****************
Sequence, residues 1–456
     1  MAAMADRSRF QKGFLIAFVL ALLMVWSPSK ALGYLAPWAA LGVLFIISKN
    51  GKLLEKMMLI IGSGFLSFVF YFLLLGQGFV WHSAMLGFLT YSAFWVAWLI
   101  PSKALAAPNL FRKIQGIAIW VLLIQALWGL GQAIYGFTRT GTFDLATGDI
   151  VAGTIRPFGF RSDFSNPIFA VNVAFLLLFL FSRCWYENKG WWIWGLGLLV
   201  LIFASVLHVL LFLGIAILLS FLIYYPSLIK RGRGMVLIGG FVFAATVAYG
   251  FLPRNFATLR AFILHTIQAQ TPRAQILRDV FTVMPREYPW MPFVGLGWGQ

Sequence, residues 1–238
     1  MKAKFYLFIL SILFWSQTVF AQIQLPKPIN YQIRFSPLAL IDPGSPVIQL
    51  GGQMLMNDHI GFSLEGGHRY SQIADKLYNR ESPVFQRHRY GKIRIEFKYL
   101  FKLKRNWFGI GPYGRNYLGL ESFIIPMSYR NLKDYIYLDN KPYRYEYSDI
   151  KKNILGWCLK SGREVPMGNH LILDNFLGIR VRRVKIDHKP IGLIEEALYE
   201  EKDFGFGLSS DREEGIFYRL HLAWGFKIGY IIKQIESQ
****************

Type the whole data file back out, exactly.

Sequence, residues 1–456
     1  MAAMADRSRF QKGFLIAFVL ALLMVWSPSK ALGYLAPWAA LGVLFIISKN
    51  GKLLEKMMLI IGSGFLSFVF YFLLLGQGFV WHSAMLGFLT YSAFWVAWLI
   101  PSKALAAPNL FRKIQGIAIW VLLIQALWGL GQAIYGFTRT GTFDLATGDI
   151  VAGTIRPFGF RSDFSNPIFA VNVAFLLLFL FSRCWYENKG WWIWGLGLLV
   201  LIFASVLHVL LFLGIAILLS FLIYYPSLIK RGRGMVLIGG FVFAATVAYG
   251  FLPRNFATLR AFILHTIQAQ TPRAQILRDV FTVMPREYPW MPFVGLGWGQ

Sequence, residues 1–238
     1  MKAKFYLFIL SILFWSQTVF AQIQLPKPIN YQIRFSPLAL IDPGSPVIQL
    51  GGQMLMNDHI GFSLEGGHRY SQIADKLYNR ESPVFQRHRY GKIRIEFKYL
   101  FKLKRNWFGI GPYGRNYLGL ESFIIPMSYR NLKDYIYLDN KPYRYEYSDI
   151  KKNILGWCLK SGREVPMGNH LILDNFLGIR VRRVKIDHKP IGLIEEALYE
   201  EKDFGFGLSS DREEGIFYRL HLAWGFKIGY IIKQIESQ